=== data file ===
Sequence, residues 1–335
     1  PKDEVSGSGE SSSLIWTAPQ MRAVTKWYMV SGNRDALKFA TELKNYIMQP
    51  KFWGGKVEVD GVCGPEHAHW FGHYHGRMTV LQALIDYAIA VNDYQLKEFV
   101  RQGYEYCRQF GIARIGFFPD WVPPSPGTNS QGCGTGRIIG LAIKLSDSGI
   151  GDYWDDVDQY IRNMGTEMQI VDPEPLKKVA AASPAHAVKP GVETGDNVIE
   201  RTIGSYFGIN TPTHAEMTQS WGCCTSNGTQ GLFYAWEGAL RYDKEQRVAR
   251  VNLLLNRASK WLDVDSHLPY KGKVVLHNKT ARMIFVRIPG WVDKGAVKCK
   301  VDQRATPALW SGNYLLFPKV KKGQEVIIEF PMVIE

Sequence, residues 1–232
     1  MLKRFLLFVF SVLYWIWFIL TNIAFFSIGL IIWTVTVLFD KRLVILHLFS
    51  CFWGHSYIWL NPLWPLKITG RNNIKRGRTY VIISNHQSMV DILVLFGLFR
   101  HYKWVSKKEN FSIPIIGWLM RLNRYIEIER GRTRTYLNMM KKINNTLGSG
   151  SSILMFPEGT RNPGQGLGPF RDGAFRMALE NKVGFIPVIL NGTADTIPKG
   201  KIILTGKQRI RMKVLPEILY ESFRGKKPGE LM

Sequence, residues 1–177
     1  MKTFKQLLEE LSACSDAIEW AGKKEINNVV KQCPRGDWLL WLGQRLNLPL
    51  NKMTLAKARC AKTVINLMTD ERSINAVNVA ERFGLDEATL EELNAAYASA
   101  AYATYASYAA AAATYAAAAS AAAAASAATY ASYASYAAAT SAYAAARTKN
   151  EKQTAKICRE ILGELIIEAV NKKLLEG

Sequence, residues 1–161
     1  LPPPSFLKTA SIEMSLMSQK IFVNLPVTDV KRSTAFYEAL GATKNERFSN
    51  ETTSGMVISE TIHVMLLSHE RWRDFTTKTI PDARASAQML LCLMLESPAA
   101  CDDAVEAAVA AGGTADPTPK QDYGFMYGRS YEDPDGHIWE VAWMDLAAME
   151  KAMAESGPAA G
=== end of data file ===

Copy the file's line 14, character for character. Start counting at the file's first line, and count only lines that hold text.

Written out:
   201  KIILTGKQRI RMKVLPEILY ESFRGKKPGE LM